Sunday, April 15, 2007

Guess we gotta move on.....later

I really respect Gwen Ifill, who is an excellent reporter from The Newshour and Washington Week, but she needs to seriously lighten up. She's coming off as a very angry, bitter little brat that can't take not only satirical comedy, but the fact that not every thinks like her. From Meet the Press:
You know, it’s interesting to me. This has been an interesting week. The people who have spoken, people who have issued statements, the pop—the people who haven’t. There’s been radio silence from a lot of people who’ve done this program who could’ve spoken up and said, “I find this offensive” or “I didn’t know.” These people didn’t speak up.

Tim (Russert), we didn’t hear that much from you.

David (Brooks), we didn’t hear from you.

Gwen didn't hear much from former guests because it's a no-win situation if you support Imus' right to be on the air. Of course the comments that he made were inappropriate, but if you back up his show you come off as being racially insensitive, or morally corrupt because you find that poking fun at people has comedic value. At least Russert had the balls to tell a shocked Gwen Ifill that he'd return to an Imus program if he returned. David Brooks had the more lame and kiss-ass excuse that he was ignorant of the show's real content.
Well, you know, I did the show about a half a dozen times, and Gwen and I have talked about this. But I, I, I have the lamest excuse for why I did it, which is I didn’t know what he said.

What a load of crap. I love Brook's books, but that comment made me question the validity of his spine. You went on the show because it gave you clout, and at the same time, the show was a place where you could relax and talk about provocative stuff without people getting all up in arms over stupid comments. Grow a pair, David.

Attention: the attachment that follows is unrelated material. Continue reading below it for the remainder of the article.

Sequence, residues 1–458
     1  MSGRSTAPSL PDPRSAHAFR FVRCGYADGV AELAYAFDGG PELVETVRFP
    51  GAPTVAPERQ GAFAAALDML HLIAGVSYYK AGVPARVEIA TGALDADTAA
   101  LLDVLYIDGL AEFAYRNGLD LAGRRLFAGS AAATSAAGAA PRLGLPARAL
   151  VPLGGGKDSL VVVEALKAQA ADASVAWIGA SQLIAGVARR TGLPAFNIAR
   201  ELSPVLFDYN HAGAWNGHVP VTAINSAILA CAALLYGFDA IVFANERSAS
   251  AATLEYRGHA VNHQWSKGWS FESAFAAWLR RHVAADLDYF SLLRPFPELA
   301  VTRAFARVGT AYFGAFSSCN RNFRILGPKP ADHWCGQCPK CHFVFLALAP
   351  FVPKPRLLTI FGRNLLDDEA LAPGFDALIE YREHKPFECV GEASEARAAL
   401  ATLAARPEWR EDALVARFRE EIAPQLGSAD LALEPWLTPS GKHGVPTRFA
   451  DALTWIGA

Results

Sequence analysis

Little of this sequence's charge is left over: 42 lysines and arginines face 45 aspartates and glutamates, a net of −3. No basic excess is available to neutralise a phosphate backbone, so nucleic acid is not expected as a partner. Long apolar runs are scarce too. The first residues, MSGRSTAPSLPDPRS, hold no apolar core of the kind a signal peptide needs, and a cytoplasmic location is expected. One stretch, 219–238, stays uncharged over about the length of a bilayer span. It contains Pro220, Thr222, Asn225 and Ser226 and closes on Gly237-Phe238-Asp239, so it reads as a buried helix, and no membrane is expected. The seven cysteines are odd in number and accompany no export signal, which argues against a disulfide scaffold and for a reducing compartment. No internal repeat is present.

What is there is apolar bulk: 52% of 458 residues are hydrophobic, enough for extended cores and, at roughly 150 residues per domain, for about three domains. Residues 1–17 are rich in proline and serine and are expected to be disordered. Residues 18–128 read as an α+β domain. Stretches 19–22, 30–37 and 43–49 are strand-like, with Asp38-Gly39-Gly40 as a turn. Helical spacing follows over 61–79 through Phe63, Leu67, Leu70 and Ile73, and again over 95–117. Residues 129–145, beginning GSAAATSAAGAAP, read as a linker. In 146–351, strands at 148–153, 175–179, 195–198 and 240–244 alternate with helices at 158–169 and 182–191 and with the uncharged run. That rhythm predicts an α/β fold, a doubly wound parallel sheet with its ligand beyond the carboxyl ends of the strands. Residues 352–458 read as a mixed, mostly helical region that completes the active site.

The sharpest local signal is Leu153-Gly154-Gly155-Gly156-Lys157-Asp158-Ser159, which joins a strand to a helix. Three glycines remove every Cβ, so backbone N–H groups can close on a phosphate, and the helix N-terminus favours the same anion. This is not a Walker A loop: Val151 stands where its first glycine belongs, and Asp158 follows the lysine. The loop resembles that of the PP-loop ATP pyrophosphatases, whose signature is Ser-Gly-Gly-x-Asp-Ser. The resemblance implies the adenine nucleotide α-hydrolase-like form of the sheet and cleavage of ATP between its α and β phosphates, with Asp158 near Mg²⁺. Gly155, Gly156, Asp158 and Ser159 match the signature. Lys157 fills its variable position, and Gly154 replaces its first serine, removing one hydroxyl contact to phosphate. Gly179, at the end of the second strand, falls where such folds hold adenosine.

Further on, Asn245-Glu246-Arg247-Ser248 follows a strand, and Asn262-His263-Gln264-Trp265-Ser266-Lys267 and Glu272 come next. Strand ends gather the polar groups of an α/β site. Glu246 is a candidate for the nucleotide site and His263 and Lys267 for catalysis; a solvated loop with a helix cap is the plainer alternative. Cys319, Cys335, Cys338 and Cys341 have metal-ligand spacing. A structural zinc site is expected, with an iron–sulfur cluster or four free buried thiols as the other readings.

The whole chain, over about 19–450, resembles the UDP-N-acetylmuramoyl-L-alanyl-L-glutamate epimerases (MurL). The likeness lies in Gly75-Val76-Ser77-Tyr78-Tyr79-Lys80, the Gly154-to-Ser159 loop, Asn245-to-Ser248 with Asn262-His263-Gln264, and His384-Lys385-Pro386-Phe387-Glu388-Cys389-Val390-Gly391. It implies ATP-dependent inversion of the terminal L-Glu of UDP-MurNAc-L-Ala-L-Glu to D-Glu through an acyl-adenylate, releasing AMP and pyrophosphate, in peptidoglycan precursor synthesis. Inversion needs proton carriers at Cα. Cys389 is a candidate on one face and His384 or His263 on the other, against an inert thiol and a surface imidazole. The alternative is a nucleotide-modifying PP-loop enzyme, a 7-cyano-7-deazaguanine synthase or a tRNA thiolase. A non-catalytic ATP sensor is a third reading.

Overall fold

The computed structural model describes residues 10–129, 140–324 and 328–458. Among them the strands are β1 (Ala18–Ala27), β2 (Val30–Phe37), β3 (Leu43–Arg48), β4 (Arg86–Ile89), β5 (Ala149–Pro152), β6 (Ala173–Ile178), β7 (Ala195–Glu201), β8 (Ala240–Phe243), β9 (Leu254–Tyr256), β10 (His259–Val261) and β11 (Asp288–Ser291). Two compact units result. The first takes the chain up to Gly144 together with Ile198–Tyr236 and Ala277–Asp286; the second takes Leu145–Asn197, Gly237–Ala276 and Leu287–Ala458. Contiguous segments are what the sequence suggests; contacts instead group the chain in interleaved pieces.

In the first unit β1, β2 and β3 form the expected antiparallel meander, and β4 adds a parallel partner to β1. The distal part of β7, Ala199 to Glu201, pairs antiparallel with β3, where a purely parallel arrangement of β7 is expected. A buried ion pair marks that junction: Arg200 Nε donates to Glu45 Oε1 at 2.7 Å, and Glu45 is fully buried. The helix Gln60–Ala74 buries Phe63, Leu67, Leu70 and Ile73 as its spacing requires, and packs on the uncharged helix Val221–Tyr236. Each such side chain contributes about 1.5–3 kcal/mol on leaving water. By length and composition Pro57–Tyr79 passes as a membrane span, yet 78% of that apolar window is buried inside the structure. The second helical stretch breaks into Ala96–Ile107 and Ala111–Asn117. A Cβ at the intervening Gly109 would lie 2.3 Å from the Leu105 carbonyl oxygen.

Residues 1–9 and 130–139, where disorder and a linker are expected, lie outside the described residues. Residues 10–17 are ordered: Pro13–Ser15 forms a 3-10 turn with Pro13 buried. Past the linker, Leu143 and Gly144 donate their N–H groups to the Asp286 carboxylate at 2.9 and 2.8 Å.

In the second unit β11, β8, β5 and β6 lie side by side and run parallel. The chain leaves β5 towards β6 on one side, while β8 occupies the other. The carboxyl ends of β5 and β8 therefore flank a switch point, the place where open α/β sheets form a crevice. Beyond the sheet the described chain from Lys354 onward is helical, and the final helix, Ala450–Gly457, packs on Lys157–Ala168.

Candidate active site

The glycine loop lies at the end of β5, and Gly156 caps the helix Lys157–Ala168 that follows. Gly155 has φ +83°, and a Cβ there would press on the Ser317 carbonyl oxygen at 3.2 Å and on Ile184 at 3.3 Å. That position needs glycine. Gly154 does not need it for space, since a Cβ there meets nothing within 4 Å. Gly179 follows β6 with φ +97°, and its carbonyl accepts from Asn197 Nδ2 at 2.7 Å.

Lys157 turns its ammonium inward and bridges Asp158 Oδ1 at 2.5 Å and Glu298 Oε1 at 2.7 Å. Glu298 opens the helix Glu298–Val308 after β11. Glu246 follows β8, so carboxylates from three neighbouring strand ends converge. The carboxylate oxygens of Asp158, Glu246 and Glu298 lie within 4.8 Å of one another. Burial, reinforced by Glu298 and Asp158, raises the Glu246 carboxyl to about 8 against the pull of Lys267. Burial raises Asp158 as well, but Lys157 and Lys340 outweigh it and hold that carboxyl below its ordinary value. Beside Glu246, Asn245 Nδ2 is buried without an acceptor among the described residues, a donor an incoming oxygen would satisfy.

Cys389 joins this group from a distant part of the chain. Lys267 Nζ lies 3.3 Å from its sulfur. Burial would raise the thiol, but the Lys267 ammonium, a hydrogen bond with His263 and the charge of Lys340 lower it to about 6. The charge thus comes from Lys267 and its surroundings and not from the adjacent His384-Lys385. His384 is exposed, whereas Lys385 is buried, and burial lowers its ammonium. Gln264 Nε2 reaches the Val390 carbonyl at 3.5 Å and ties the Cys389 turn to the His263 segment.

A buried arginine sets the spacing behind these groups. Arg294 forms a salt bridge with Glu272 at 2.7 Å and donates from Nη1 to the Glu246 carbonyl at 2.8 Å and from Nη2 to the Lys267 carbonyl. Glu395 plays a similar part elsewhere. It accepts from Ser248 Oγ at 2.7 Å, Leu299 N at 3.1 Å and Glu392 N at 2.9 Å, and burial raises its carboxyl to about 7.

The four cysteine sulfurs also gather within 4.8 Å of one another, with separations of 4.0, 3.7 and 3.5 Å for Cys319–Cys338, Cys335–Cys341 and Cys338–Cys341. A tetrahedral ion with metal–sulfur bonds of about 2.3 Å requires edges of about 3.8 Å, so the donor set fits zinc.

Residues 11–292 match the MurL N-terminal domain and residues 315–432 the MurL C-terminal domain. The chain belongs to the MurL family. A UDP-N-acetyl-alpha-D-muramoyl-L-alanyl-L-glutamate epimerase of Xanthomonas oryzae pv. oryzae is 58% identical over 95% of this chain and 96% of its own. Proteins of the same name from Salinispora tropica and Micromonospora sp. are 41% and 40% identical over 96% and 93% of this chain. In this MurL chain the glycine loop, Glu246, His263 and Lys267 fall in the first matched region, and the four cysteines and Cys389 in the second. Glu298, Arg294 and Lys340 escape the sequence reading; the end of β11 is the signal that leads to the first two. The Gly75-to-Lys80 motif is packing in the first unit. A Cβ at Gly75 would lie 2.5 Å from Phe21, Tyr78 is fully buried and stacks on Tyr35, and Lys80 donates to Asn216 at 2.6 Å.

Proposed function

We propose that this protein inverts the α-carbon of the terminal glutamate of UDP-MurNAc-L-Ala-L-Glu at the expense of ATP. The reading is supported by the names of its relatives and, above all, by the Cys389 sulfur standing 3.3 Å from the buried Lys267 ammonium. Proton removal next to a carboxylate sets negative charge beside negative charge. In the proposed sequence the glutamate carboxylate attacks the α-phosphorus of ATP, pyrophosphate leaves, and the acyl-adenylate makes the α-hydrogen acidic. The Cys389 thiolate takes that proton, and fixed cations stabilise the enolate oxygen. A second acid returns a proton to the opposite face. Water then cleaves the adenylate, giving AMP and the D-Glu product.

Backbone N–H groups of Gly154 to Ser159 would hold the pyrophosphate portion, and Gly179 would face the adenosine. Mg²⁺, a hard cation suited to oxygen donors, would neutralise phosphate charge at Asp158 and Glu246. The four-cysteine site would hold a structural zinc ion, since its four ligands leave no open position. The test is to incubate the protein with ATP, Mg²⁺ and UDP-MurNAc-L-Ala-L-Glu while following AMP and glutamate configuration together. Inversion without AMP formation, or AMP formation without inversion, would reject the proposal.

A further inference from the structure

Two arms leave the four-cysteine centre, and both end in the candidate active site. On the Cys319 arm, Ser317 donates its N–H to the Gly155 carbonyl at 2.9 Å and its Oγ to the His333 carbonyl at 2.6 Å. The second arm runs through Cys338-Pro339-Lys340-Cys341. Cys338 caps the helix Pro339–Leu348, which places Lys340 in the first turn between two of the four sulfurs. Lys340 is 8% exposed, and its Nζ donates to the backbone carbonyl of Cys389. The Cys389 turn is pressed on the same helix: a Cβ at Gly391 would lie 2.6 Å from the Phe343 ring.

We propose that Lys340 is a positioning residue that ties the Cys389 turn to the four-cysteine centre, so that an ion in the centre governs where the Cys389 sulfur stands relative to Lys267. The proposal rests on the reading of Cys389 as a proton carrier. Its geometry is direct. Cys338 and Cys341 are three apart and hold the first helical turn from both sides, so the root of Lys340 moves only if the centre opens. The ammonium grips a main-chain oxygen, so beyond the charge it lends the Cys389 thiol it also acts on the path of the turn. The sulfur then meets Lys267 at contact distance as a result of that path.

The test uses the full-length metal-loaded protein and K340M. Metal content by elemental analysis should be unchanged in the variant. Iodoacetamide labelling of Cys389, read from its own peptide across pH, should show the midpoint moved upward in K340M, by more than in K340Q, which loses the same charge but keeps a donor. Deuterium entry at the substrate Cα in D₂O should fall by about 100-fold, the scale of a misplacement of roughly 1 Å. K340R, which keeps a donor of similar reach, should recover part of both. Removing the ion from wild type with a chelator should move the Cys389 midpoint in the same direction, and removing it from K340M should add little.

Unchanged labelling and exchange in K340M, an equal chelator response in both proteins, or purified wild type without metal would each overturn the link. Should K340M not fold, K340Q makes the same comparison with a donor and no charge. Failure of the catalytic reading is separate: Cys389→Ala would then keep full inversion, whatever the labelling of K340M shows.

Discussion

And then you have these idiots like Eugene Robinson who say "I've never listened to the Imus in the Morning show", but in the same breath say,

And I’ve tried to, to, to make the point that you don’t have to wear a sheet to be a racist. You don’t have to burn crosses to be racist. You don’t have to consciously think, “In, in my heart, I hate black people.” If you think black people are different or lesser or open to ridicule or, or some sort of quote “other,” other than yourself then, you know, I think that qualifies

Now that is just great. Let me get this straight, if I think that blacks, just like anyone else, are open to ridicule, then I'm a racist? And since Robinson hasn't listened to a minute of Imus, how the hell can he make a snap judgement regarding the words that come out of a persons mouth? Yesterday morning I heard Whoopi Goldberg say,"...and God said, 'No nigga, you a bat'", at the end of her comedy routine. Should I judge her based on that sentence? Of course not. I've listened to her comedy for years. However Robinson, like Al Sharpton, Gwen Ifill, and a bunch of other "offended peoples", have now taken it upon themselves to sort out America's morality problem. That alone should be a warning sign. Borat, South Park, Rush Limbaugh, Al Franken, Saturday Nigth Live......look out, you might be next. Think I'm over blowing it? Notice how the conversation is drifting away from race, and towards "respectful conversation". Tread carefully.

And what about parents? Where is the issue of personal responsibility in this conversation? Gwen Ifill and others stated that they where going to have a major problem explaining Imus type situations to their children. Really? My father was very good at saying to me, "See that? That's make-believe" or "That's comedy" or "That person is an idiot and what he does isn't necessarily right". I can't even to begin to say that I know what it is like to be a parent, but part of parenting is explaining to your child that some things are ok, and some things are not ok. What Imus said is not ok. Neither is what Chris Rock says, Sasha Baron Cohen says, or what Whoopi says.

Anyway, onward and upward. Break is over and back to work we go.
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